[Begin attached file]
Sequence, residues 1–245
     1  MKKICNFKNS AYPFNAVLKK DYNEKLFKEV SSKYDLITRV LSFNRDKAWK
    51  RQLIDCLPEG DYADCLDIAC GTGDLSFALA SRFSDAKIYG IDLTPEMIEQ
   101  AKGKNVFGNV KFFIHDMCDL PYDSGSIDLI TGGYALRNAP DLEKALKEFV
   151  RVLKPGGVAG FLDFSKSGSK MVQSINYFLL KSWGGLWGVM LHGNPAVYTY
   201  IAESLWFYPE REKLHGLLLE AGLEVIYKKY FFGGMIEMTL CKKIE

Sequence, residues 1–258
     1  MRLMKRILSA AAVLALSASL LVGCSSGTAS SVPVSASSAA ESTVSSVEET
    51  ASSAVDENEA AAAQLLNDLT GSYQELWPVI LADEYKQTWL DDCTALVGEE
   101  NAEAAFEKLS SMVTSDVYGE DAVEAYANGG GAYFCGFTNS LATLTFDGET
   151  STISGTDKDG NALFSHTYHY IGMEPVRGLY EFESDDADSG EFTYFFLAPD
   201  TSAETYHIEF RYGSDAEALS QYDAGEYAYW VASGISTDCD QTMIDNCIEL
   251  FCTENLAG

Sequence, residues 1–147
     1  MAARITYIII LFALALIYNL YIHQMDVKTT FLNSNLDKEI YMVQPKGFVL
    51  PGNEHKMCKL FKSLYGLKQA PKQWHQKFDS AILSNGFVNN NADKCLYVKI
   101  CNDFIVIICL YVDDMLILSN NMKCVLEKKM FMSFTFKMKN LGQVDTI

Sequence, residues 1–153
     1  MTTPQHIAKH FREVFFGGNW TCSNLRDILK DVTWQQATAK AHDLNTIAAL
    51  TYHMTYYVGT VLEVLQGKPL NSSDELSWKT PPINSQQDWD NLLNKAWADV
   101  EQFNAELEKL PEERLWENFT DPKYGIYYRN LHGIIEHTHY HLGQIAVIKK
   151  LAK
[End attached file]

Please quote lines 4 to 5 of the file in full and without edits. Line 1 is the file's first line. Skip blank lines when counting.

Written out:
   101  AKGKNVFGNV KFFIHDMCDL PYDSGSIDLI TGGYALRNAP DLEKALKEFV
   151  RVLKPGGVAG FLDFSKSGSK MVQSINYFLL KSWGGLWGVM LHGNPAVYTY